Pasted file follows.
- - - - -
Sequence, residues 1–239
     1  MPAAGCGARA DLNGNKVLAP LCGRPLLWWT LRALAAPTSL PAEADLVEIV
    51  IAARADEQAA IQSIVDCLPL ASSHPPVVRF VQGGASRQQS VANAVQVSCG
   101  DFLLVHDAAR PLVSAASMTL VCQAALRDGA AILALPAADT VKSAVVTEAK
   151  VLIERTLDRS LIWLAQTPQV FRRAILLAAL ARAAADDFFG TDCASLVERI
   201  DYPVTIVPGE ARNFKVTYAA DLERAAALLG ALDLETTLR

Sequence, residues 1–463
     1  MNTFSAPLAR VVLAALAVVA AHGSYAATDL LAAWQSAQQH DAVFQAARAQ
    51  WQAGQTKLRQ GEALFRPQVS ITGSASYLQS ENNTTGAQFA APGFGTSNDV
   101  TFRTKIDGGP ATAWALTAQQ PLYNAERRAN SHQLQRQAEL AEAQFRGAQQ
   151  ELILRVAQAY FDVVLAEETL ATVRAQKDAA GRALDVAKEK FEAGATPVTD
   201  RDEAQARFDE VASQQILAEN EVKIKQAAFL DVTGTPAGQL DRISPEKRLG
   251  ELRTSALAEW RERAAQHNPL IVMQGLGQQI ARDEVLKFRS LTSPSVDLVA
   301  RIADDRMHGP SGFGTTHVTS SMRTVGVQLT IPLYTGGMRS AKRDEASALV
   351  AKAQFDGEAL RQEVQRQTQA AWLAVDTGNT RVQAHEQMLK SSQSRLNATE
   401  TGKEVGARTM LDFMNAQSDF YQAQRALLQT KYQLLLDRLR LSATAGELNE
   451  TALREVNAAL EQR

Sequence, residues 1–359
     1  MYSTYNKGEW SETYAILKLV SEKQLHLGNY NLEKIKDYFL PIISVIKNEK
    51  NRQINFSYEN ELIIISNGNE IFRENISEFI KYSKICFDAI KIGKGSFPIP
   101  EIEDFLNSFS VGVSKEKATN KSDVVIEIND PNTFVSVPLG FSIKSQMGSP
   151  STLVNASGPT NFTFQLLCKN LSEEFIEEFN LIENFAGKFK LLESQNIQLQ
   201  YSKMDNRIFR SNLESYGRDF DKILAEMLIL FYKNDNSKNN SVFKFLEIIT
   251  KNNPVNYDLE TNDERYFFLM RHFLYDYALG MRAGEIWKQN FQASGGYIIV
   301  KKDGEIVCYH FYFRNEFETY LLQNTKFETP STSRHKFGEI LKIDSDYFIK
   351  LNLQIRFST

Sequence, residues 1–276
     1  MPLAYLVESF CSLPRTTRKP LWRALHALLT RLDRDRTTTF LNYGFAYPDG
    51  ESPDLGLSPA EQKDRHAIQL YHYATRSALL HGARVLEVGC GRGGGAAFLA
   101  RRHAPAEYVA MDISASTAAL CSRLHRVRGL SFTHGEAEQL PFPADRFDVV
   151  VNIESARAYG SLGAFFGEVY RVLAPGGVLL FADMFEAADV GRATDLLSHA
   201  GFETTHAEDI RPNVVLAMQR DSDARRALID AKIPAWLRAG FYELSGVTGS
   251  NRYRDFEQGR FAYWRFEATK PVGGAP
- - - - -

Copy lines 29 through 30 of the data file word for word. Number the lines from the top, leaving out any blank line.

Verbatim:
    51  ESPDLGLSPA EQKDRHAIQL YHYATRSALL HGARVLEVGC GRGGGAAFLA
   101  RRHAPAEYVA MDISASTAAL CSRLHRVRGL SFTHGEAEQL PFPADRFDVV